Pop art is an art movement that emerged in the 1950s in Britain and the United States. It is characterized by the use of popular, often mass-produced commercial images and objects, such as comic strips, advertising, and product packaging, as the basis for artworks. Pop art also incorporates elements of popular culture, such as celebrity, music, and sports.
Pop art emerged as a reaction to the abstract expressionism of the 1950s, which was seen as elitist and non-mainstream. Pop artists sought to challenge the traditional definitions of art by using everyday objects, images, and symbols to create artworks that were accessible to a wider audience. The movement was a response to the increasingly commercialized and mass-produced culture of the 1950s, and was an attempt to bring art back into the everyday.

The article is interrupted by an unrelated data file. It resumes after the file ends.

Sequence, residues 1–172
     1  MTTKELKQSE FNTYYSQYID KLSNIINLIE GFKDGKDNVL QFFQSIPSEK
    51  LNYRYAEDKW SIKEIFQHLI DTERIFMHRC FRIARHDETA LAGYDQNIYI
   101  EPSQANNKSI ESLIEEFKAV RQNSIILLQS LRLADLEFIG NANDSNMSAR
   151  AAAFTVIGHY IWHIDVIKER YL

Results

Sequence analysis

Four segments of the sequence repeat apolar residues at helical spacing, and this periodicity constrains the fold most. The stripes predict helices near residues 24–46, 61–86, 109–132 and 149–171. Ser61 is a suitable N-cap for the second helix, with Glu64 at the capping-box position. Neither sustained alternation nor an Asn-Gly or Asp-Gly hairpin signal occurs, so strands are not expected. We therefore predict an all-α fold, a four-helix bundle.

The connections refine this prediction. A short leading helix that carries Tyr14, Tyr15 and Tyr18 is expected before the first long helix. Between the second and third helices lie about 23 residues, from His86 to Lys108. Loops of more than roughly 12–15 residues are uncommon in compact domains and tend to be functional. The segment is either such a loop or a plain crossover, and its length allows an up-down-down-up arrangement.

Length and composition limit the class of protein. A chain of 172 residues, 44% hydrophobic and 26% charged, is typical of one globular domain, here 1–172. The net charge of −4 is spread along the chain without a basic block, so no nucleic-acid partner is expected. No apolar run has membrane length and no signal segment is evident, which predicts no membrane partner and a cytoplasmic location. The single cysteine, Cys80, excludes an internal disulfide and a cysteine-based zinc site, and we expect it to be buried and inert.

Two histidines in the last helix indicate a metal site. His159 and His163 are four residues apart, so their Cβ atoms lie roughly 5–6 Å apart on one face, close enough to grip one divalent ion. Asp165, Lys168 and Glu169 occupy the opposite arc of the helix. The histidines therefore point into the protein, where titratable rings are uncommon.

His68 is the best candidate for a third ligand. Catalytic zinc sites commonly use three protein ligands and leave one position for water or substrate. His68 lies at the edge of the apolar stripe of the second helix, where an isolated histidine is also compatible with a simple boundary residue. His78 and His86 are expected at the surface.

Pop art was highly influential, and it had a lasting impact on the way art is seen and created. Pop art has been used to explore themes of consumerism, gender, race, and class, and it continues to be used as an artistic medium today. From street art to fine art, pop art remains a popular style of art.